Greece dismayed by lack of deal to release
ATHENS - The Associated Press
AFP PhotoGreece reacted with dismay yesterday to a failure by European finance ministers to agree to release up to 44 billion euros ($56 billion) of rescue loans it vitally needs, with the prime minister warning that the stakes are higher than his debt-ridden country’s future.
After 12 hours of debate into the early hours of yesterday, finance ministers from the 17 European Union countries that use the euro, together with the International Monetary Fund (IMF) and European Central Bank, again failed to reach a deal on Greece’s financing. The impasse follows another fruitless meeting last week and highlights the depth of divisions among European governments over how to handle the country’s huge debt problem without reaching deeper into the pockets of their own taxpayers.
“Greece has done what it had to and what it had committed to doing,” Prime Minister Antonis Samaras said in a statement. “Our partners, along with the IMF, also must do what they have undertaken.”
German Chancellor Angela Merkel said yesterday that a deal could still be clinched at a meeting of finance ministers on Nov. 26 but said Europe’s problems could not be solved overnight.
“There is a chance -- we don’t know -- but there is a chance that there will be a solution on Monday,” Merkel told lawmakers in the Bundestag lower house of parliament.
But Greece is already living on borrowed time. Faced with 5 billion euros in maturing treasury bills that it couldn’t pay last week, Athens issued more short-term debt to cover the gap and tide it over until it can receive its bailout funds. But most of that was in the form of four-week treasury bills, meaning the country will face the same situation next month - when it has more than 7 billion euros in redemptions - unless the loans come through. “It is not just the future of our country, but the stability of the entire eurozone that depends on the successful completion of this effort in the coming days,” Samaras said.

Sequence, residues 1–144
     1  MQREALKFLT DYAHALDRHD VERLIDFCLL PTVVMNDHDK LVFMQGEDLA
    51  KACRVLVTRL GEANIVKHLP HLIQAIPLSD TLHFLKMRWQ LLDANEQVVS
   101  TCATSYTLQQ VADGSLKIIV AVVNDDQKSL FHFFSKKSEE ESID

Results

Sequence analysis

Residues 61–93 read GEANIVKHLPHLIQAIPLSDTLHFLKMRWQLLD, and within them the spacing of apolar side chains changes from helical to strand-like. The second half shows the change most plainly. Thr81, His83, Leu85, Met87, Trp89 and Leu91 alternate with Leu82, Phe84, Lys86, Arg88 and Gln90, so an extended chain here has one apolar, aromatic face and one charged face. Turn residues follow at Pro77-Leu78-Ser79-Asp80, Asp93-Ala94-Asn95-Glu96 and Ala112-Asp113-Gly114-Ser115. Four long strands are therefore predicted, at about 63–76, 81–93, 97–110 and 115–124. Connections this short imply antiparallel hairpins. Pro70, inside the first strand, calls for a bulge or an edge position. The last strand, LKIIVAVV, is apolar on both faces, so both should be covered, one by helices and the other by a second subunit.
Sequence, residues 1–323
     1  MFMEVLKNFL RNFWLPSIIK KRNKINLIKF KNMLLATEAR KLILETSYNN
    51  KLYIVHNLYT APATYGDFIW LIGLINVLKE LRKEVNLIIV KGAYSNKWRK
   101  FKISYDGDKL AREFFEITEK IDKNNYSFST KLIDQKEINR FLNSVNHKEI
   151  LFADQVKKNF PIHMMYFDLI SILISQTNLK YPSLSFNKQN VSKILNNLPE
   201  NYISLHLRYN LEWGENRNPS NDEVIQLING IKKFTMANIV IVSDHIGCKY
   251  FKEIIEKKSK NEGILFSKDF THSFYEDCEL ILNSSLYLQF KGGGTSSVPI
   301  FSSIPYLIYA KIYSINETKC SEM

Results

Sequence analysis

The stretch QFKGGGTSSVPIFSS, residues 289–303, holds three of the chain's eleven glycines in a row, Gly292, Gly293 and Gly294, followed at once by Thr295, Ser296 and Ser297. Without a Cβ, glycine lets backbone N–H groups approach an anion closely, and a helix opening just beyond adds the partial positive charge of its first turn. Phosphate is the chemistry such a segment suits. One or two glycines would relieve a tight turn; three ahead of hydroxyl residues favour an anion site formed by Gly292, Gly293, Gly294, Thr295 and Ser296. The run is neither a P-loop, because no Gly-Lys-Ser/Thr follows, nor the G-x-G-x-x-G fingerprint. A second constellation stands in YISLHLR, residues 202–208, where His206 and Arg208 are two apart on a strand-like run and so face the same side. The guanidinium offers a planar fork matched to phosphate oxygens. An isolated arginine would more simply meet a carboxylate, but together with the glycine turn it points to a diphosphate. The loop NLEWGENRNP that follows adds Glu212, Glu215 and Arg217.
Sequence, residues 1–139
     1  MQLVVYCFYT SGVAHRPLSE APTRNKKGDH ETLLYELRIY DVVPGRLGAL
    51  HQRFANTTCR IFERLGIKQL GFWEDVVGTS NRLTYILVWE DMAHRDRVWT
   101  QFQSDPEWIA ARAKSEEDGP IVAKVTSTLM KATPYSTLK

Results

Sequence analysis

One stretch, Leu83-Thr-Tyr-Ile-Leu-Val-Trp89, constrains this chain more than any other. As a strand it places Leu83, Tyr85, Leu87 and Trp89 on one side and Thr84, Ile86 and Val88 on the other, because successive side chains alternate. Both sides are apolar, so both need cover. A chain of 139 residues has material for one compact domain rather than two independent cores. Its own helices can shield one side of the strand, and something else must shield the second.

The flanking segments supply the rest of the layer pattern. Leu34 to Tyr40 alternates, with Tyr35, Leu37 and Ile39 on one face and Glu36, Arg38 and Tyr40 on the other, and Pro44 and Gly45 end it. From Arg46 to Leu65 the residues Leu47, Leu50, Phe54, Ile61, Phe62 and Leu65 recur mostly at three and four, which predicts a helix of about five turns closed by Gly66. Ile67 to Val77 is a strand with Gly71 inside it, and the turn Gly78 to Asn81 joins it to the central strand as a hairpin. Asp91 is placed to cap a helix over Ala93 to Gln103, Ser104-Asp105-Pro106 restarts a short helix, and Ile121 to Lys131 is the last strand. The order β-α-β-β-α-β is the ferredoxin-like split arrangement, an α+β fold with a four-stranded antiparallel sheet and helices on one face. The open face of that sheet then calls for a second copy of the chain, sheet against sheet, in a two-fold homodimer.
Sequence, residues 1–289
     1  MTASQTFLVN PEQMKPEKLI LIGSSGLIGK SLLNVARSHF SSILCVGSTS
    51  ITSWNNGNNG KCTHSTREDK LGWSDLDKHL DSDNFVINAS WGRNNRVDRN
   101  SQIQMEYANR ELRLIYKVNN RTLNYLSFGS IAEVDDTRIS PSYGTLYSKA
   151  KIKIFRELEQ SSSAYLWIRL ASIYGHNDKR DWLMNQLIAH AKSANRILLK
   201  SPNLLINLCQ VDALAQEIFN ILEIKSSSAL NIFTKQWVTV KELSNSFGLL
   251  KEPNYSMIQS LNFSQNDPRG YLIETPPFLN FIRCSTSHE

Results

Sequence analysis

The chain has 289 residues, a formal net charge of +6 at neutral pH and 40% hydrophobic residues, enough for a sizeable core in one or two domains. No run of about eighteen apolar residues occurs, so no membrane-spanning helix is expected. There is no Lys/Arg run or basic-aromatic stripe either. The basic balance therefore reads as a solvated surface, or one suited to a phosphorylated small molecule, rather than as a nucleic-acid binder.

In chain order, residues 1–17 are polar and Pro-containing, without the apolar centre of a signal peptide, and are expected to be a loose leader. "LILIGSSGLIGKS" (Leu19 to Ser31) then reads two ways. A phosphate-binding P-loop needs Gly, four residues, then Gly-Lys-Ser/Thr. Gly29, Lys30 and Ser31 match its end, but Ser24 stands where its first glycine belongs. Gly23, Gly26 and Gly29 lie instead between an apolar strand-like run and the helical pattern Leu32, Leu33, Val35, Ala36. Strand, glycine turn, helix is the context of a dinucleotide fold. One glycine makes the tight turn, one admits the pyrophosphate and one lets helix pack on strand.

“Whatever technical difficulties (there might be) in finding a technical solution, do not excuse any ... delay,” he said.
Greece has been relying on rescue loans from other eurozone countries and the IMF since May 2010, after a massive budget gap and spiraling national debt left investors too wary of buying its bonds on the international market. In return, the country has had to submit its economy to scrutiny from the so- called troika of the IMF, ECB and European Commission. It has also had to impose several rounds of austerity measures, included repeated salary and pension cuts and increased taxes. The belt-tightening has left Greece mired in a deep recession expected to head into a sixth year. One in four Greek workers are now unemployed, and tens of thousands of small businesses have shut down. The country’s uneasy three-party coalition government recently passed another round of spending cuts through Parliament, a requirement for it to be given the long-delayed next installment of its rescue loans, a 31.5 billion euros batch.
The government also hoped to see outstanding funds from previous loan installments, and a batch originally earmarked for December, bringing the total expected to 44.6 billion euros.
The ministers are to tackle the issue again next week, which forced Samaras to cancel a planned trip to Qatar. Samaras was travelling to Brussels later yesterday for an EU summit meeting. Greek stocks fell in response to the delay, with the general share index down 0.8 percent in midday trading.